The objective of the Visual Inference Lab is to understand the brain information processing that enables visual perception, object recognition, and scene understanding. Vision is of interest in its own right, but also provides a model for understanding, more generally, how the brain computes and how it might perform probabilistic inference through parallel and recurrent computations.
Recent advances in neural network modeling have enabled major strides in computer vision and other artificial intelligence applications. Artificial neural networks are inspired by the brain, and their computations could be implemented in biological neurons. We seek to develop neural network models that can meet real-world computational challenges faced by biological visual systems and that can also explain detailed patterns of brain and behavioral responses.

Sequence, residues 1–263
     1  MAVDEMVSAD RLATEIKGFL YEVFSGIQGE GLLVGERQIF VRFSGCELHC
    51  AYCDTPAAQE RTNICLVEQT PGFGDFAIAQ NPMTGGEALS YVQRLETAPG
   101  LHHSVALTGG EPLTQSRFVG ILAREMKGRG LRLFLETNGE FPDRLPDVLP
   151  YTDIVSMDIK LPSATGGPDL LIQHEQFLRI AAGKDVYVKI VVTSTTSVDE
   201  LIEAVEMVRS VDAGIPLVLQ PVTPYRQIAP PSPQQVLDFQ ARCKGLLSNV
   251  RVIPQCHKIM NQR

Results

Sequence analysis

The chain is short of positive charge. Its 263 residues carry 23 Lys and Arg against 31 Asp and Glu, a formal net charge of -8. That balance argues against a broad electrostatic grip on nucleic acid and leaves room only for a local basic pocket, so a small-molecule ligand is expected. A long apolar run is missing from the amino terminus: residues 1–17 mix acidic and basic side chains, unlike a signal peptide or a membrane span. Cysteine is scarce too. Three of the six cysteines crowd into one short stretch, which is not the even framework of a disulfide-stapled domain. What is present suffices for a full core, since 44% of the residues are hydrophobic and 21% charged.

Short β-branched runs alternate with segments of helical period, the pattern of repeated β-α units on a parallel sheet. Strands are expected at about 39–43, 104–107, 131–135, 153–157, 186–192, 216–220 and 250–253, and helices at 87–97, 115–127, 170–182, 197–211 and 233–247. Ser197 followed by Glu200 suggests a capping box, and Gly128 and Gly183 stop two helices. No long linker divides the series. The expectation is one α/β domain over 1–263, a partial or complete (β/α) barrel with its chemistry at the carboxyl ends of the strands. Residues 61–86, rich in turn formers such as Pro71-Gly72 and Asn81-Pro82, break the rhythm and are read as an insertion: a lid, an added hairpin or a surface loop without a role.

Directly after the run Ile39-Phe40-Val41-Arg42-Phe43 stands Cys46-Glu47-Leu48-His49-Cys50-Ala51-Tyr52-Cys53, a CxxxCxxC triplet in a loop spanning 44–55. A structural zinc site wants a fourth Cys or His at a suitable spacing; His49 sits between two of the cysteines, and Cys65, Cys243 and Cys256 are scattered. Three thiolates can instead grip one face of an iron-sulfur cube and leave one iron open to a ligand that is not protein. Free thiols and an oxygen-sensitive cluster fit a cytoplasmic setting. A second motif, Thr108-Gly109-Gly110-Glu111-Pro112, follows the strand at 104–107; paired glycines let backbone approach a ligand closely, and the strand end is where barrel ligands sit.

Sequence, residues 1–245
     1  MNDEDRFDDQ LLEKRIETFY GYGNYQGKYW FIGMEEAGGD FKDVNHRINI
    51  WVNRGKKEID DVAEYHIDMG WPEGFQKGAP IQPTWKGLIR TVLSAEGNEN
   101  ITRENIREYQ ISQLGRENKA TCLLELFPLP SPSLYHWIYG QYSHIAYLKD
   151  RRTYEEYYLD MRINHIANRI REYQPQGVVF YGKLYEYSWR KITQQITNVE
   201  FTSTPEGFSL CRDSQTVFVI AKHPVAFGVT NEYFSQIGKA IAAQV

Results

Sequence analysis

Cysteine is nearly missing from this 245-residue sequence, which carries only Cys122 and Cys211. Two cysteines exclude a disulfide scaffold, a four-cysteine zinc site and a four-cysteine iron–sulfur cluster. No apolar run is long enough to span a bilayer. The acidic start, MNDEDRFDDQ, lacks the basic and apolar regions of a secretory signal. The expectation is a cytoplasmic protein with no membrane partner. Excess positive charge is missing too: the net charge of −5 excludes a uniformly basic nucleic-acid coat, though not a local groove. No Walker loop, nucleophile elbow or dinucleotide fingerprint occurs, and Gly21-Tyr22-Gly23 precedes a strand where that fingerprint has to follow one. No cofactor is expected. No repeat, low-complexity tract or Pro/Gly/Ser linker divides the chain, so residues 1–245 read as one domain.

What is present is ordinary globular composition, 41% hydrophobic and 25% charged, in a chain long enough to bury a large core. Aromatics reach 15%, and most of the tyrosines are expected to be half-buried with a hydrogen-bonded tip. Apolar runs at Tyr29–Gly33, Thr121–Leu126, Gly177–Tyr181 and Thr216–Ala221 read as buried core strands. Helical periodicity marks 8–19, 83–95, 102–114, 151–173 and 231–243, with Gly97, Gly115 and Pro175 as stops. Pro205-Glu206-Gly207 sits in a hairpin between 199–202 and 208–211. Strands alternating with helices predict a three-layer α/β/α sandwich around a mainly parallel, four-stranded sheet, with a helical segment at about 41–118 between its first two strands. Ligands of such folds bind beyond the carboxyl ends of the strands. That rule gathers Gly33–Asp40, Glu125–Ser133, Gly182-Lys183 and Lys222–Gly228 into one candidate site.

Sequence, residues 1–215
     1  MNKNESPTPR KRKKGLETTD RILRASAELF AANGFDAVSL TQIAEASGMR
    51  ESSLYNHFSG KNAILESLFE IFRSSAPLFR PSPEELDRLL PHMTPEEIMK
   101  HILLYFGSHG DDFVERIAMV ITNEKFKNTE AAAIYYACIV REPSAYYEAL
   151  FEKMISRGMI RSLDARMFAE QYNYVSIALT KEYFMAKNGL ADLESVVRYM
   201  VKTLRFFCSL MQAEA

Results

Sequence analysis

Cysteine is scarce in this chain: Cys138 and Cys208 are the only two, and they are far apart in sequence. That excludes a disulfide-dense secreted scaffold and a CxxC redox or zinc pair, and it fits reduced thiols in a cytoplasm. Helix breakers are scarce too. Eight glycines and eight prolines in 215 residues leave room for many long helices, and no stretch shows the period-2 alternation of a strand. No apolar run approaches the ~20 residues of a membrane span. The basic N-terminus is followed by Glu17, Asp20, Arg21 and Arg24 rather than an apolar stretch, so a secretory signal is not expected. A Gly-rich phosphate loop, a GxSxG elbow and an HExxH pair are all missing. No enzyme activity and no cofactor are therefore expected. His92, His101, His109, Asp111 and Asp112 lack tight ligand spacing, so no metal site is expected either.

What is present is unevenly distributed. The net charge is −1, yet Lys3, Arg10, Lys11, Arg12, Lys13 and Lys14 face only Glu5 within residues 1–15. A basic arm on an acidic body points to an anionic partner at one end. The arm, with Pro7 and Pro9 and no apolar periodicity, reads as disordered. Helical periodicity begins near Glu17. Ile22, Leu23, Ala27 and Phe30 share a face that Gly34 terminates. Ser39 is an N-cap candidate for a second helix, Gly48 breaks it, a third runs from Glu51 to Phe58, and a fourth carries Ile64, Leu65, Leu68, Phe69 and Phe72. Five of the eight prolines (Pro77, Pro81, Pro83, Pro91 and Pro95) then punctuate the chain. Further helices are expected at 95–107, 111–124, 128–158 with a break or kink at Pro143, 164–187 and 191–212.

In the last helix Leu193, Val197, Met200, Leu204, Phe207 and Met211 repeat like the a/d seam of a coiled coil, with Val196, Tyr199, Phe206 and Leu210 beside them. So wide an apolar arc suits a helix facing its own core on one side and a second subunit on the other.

Computational neuroscience is entering a new era, where big models meet big data. We develop statistical inference and visualization techniques that help us connect theory and experiment, enabling us, for example, to adjudicate among many candidate neural network models using brain-activity measurements acquired with functional imaging and electrophysiological recordings in animals and humans.
We develop interactive visual tasks that enable us to carve up visual cognition into measurable components. Tasks should lend themselves to experiments with humans, monkeys, and computational models. In humans, we perform psychophysical experiments, functional MRI, and magnetoencephalography. We also acquire and analyze neuronal array recordings in nonhuman primates. This data enables us to adjudicate among neural network models that implement candidate brain-computational theories.